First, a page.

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My post delivery room was across the hall from both the NICU and the nursery. I remember just standing in the doorway, looking at the two doorways facing me, thinking how different this all would be if he could’ve entered the world breathing without difficulty. He would’ve been wheeled into the door on the left, the nursery door, after his bath and the nurses would’ve told me to get some rest. My biggest decision would’ve been which adorable outfit to dress him in for the trip home and his sisters would’ve been on cloud nine as they held him. My reality, however, was the door on the right to the neonatal intensive care waiting room. I would be educated in the thorough scrubbing in process and I would be lucky if my little girls would be able to even see the baby they had been so eager to meet. I would spend the next 16 days in a giant room with no windows, where you lose track of time and spend your hours watching numbers rise and fall, initially not knowing what any of it means. Your scattered thoughts are interrupted by the constant beeping. I would pray as I never had before.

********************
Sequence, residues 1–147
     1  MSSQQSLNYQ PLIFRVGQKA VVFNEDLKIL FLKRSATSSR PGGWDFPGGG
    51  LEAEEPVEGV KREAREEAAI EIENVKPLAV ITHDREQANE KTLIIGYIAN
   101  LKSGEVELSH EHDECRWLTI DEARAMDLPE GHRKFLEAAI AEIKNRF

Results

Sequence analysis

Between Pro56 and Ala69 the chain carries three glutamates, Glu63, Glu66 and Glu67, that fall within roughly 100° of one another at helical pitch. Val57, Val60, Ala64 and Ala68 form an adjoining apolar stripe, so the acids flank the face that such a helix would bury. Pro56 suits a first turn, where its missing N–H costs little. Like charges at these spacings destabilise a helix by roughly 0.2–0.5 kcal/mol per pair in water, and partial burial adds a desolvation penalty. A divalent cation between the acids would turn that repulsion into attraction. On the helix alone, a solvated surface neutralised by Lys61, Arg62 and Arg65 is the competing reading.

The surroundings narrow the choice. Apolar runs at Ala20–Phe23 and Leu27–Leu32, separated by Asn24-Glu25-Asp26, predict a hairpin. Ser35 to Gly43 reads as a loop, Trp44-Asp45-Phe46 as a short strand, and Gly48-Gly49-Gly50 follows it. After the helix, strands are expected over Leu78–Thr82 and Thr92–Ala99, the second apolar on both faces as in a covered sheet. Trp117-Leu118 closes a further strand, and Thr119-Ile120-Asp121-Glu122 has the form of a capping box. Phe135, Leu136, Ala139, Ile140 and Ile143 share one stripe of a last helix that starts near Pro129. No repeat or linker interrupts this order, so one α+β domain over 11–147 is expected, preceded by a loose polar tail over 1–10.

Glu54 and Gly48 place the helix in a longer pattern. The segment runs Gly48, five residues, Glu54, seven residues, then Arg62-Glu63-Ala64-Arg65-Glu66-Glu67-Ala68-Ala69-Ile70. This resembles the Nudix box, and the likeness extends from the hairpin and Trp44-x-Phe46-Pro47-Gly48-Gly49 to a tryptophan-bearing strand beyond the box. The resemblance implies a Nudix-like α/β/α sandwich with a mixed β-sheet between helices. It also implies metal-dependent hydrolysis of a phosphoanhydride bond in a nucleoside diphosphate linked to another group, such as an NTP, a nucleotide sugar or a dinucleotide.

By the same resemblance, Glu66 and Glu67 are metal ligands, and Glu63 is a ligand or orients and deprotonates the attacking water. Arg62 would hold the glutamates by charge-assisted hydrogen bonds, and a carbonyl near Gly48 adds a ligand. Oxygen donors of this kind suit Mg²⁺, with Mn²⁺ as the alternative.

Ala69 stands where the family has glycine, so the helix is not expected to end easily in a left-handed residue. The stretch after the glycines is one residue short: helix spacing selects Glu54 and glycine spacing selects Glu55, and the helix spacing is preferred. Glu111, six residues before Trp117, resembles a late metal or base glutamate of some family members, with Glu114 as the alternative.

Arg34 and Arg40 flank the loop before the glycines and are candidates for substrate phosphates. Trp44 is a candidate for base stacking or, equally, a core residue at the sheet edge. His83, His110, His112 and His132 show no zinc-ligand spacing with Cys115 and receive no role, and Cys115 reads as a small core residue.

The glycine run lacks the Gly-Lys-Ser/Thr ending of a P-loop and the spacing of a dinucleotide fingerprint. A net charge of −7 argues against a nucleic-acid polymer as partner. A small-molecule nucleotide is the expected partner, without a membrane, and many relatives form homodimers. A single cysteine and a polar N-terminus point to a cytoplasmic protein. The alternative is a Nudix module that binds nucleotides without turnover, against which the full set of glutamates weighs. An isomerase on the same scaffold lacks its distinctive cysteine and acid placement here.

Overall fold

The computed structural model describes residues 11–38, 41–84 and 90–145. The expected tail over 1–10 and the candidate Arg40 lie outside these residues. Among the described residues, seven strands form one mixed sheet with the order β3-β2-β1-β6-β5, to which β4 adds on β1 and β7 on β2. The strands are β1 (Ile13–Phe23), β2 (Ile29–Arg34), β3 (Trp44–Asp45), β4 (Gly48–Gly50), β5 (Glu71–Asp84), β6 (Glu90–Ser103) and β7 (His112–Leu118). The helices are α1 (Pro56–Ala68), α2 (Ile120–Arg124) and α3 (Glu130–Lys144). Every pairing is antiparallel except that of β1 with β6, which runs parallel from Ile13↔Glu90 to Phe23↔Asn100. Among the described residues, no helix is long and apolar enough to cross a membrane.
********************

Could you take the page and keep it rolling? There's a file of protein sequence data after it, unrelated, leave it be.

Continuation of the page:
I often heard stories about how exceptional NICU nurses are. It is something so many of us know but hope to never experience firsthand. As a pediatric speech-language pathologist, many of my patients have been NICU grads. I often nod along as parents tell me about their NICU experiences, but I never truly understood. These nurses and physicians have dedicated their lives to saving the tiniest and most fragile of lives – and they have a way of taking care of the parents, too. There are no words to explain the miracles they perform minute to minute. The other crucial part of our baby’s journey was who was on the outside of the NICU, cheering on my little 8-pound boy with gorgeous dark hair. I never could have prepared myself for the outpouring of love, kindness and prayers from friends and even strangers. While the NICU nurses and physicians were saving him behind those doors, countless others were on the outside, too.